Whether Ross’ bold fashion statement, combined with his being chosen as the 8th overall pick for the Toronto Raptors, was enough to send us running to buy and then Google the correct way to wear a bowtie, has yet to be determined. We know that style may not always equal success but if the mantra about looking good and playing good holds true, we’ll most likely see an increase in “how to tie a bowtie” searches flooding YouTube sometime over the next few months.
Given the extent to which Ross’ risky fashion choice has been blogged about, talked about, built up and shot down, we’ve finally decided to throw in our two cents and speak up about just how much we love; the bowtie. Why, you ask?
Despite the popularity of bowties with some of Hollywood’s leading men throughout the twentieth century (James Bond is a shining example), popular opinion from five years ago showed that bowties made men look “older, fidgety, dull, more ‘scientific’ and a little weird”.
Thankfully it’s a new age and the bowtie is back with a vengeance. Wearing a bowtie, as Ross demonstrates so well with his powerhouse outfit at the draft this year, doesn’t have to mean you’re stuck-up, snobby, conservative, old-fashion or on the brink of retirement. Quite the opposite in fact – in this day and age, wearing a bowtie exudes confidence, good humour and a hint of pizzazz.
That said, some men are still hesitant to tie the knot, and we can’t blame them. From buying to tying, bowties are complicated. Don’t panic! We’re here to help.
1. Decide: Self-Tie or Clip-On
When it comes to picking the bowtie that’s right for you, you’ll have to choose your colour, style and material. But first, however, you’ll have to decide whether you’re in the market for a tie-up or a clip-on.
Don’t be embarrassed–both are acceptable thanks to companies like Band of Outsiders, who, according to GQ, are bringing the clip-on tie back in style.
If you do opt for tie-up, don’t get hung-up over tying the knot. GQ experts suggest that: “If you tie your own bow tie and it’s a little floppy or off-kilter, don’t sweat it. It’s not supposed to look perfect; it’s supposed to look real.”
2. Choose a Style, Material and Colour
Once you’ve chosen whether you’ll tie or clip one on, you’ll need to choose a style. The style of the bowtie is mostly determined by the size of the tie (slim line vs. jumbo bowtie and so on).
Take a look at what’s offered in-store and be sure to match the size of your head with that of the bowtie. Small heads shouldn’t be shown up by what lies beneath, and so on.
Next up: choose a material. Once again, the choices are abundant. Here’s what our friends at GQ have to say about it: “Look closely at these bow ties and you’ll notice that most of them aren’t the shiny, silky ones you’re used to seeing. Instead, the most interesting ones these days are often crafted from more textural fabrics, like suiting wools, flannels, hopsack, and even selvage denim. Come spring, look for ones made from seersucker, madras, and straight cotton.”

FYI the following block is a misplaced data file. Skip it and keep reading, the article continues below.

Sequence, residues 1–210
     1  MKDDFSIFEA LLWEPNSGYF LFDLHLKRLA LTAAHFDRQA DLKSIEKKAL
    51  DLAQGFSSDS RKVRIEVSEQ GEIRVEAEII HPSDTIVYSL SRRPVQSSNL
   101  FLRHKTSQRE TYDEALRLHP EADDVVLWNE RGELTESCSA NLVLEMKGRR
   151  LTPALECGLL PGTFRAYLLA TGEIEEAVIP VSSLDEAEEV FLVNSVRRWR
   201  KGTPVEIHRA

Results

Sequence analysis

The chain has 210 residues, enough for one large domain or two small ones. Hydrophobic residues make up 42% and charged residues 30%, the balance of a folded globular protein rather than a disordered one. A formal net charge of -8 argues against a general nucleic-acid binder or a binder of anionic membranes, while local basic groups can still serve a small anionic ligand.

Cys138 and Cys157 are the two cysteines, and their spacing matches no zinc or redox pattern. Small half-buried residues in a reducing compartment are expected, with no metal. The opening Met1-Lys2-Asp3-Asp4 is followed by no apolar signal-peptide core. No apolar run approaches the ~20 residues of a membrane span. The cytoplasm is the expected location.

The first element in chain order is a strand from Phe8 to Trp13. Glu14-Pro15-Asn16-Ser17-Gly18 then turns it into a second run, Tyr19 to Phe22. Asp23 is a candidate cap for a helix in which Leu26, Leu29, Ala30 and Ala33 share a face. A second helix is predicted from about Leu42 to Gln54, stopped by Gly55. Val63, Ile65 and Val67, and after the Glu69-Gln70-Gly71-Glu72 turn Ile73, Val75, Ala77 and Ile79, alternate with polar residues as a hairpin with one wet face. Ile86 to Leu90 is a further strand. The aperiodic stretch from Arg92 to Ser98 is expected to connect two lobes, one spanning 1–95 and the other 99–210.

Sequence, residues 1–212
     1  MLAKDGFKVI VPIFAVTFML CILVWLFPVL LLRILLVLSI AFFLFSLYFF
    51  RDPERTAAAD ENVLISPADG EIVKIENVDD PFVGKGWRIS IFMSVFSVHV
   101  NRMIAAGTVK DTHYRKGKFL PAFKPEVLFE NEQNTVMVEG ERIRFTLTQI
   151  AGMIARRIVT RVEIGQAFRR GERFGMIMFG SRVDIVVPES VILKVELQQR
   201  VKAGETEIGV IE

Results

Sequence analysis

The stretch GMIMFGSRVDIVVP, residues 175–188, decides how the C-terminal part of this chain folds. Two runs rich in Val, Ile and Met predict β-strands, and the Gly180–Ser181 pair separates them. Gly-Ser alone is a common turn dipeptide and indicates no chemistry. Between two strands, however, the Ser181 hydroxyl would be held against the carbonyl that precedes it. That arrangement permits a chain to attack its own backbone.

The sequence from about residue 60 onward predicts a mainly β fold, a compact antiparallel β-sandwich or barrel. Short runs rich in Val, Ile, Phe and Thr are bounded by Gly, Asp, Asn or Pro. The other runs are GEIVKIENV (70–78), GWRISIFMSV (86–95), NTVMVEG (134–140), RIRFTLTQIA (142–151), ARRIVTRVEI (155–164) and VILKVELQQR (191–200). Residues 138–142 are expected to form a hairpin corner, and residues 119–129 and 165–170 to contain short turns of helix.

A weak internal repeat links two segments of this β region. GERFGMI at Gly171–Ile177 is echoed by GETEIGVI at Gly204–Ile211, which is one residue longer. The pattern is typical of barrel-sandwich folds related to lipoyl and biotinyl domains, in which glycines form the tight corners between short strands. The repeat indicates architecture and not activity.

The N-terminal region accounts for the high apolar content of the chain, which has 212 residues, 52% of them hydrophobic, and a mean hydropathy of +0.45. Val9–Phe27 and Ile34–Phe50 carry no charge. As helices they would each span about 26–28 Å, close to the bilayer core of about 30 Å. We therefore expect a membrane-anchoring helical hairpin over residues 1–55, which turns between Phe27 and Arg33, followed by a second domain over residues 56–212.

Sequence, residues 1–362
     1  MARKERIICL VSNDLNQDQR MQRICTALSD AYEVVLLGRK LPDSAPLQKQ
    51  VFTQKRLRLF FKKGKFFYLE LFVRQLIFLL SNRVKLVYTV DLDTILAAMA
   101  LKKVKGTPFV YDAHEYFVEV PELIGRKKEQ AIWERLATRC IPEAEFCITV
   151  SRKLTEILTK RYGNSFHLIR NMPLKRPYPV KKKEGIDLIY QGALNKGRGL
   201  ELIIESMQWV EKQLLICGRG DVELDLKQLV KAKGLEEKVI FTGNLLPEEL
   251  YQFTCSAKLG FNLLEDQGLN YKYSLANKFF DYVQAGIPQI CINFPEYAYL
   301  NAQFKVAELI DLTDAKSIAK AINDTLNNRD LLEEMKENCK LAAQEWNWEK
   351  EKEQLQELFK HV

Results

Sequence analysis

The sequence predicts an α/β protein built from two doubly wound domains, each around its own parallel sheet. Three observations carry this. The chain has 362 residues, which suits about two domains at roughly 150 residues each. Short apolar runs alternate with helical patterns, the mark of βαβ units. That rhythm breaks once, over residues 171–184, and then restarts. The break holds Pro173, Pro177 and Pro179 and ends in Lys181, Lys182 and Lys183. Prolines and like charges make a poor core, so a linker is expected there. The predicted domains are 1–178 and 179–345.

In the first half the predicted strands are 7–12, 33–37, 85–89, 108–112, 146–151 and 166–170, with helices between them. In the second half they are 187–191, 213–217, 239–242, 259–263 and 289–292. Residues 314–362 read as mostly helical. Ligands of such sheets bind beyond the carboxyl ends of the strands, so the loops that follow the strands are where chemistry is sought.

Keep in mind that different occasions call for different textures of bowtie. A formal affair still calls for a traditional silk bowtie while daytime outings and casual wear can be paired with just about anything.
Finally, you have the luxury of choosing from an endless array of colours. Since this choice can be particularly overwhelming, Bows-n-ties, an online site for bowtie enthusiasts, suggests that you carefully consider not only the occasion and dress code, but also the time of day, your ensemble, as well as your facial features and proportions. Here’s the low-down on how to choose the right colour for you:
Black, White and Silver: Most popular for black tie affairs, classic tuxedo and either waistcoat or cummerbund. All are formal and elegant however black is suitable only for night time outings. Silver is a great stand-in for daytime occasions.
Bright Colours: Common for weddings and are typically matched with a handkerchief. Generally bright colours and pastels are popular during the spring and summer. Keep in mind, the shinier the bow, the more formal it will appear.
Patterns: Popular among tie enthusiasts, these bowties are more casual, can be worn during the day and are typically matched with sports coats or blazer jackets as opposed to complete suits.
3. Wear and Pair it
Now that you’ve gone through the agony of picking out the perfect bowtie, you need to know how to pair it with the rest of your wardrobe.
To avoid a total bowtie blunder, the bowtie gurus at beyondfabric suggest that beginners take it easy and balance things out by combining either a solid bowtie and a patterned shirt (stripes, patterns etc), or a patterned tie with a solid shirt underneath. Once you get the hang of things, feel free to experiment by mixing colours, patterns and materials to create your own look. High collars, low collars, winged collars or no collars (okay, maybe it’s only the Playboy bunnies who can pull that off). Today, mostly any top can be paired with a bowtie taking the stress off finding that perfect shirt.
If you’re aching to wear a bowtie and looking to dress it down, GQ suggests ditching the suit jacket and sporting a leather jacket instead, or simply rolling up your sleeves. An ounce of class with a dash of arrogance: you’ll have a sporty look with an elegant finish.